Iran Reportedly Drops Its Prisoner Swap Plans With US
10:19 GMT 03.08.2021 (Updated: 10:55 GMT 03.08.2021)
© AP Photo / Carlos BarriaA staff member removes the Iranian flag from the stage after a group picture with foreign ministers and representatives of Unites States, Iran etc.
© AP Photo / Carlos Barria
Last month, Tehran announced that a prisoner swap deal had been agreed with Washington although the US side denied it.
Iran has dropped its plans for a prisoner swap with the United States over Washington's "breaches" against efforts to release the detainees, an anonymous Iranian official told the Nour News agency, according to Reuters.
"With the continuing Biden administration ... breaches, there is no incentive on Iran's part to continue this process and therefore the exchanges issue in its current form will be completely removed from its agenda," the official told the agency.
In July, Iran announced that it had agreed with the US on a prisoner swap deal but Washington denied it. Tehran described the US denial as "outrageous". Iran's top nuclear negotiator Abbas Araghchi accused Washington and London of holding prisoner exchange talks "hostage" after Tehran proposed to delay the nuclear talks until its new government comes into office in August.
© AP Photo / Florian SchroetterIran's Governor to the International Atomic Energy Agency (IAEA), Kazem Gharib Abadi, and political deputy at the Ministry of Foreign Affairs of Iran, Abbas Araghchi, from left, leave the 'Grand Hotel Vienna' where closed-door nuclear talks take place in Vienna, Austria, Sunday, June 20, 2021.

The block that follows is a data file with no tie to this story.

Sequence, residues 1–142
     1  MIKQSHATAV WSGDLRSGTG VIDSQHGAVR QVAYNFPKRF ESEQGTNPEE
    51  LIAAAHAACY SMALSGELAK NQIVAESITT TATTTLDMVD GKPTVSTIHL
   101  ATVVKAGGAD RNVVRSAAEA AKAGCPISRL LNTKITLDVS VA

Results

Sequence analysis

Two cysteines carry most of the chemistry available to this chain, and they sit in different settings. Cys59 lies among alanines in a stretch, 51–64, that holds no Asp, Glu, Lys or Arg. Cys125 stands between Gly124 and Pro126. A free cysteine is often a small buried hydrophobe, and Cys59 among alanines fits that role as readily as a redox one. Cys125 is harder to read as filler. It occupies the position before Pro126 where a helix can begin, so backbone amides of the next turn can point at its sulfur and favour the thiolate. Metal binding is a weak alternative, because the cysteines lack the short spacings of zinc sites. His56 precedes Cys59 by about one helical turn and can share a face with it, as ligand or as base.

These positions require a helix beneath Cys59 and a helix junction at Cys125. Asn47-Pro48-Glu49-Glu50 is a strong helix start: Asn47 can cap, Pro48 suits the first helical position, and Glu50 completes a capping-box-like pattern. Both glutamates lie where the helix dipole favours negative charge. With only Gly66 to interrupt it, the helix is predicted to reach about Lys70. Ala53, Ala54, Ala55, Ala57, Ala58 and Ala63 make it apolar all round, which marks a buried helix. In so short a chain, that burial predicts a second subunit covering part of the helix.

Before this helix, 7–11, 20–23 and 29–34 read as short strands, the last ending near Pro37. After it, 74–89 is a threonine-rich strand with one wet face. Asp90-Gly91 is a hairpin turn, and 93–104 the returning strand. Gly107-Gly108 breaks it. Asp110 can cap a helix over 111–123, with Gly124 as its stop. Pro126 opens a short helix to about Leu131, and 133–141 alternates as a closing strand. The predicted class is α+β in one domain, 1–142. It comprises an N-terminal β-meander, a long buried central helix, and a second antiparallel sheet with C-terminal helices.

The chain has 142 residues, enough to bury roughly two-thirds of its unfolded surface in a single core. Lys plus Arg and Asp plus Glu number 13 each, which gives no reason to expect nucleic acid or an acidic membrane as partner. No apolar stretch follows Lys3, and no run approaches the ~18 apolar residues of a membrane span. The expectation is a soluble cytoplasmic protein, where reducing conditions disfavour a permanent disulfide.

Iran's Governor to the International Atomic Energy Agency (IAEA), Kazem Gharib Abadi, and political deputy at the Ministry of Foreign Affairs of Iran, Abbas Araghchi, from left, leave the 'Grand Hotel Vienna' where closed-door nuclear talks take place in Vienna, Austria, Sunday, June 20, 2021.
© AP Photo / Florian Schroetter
According to Araghchi, the sides agreed on a humanitarian exchange, meaning that 10 prisoners on all sides could be released on 18 July if the US and the UK fulfilled their part of the deal. US State Department spokesman Ned Price rejected the remarks as "an outrageous effort to deflect blame from the current impasse", saying no deal had been agreed upon yet.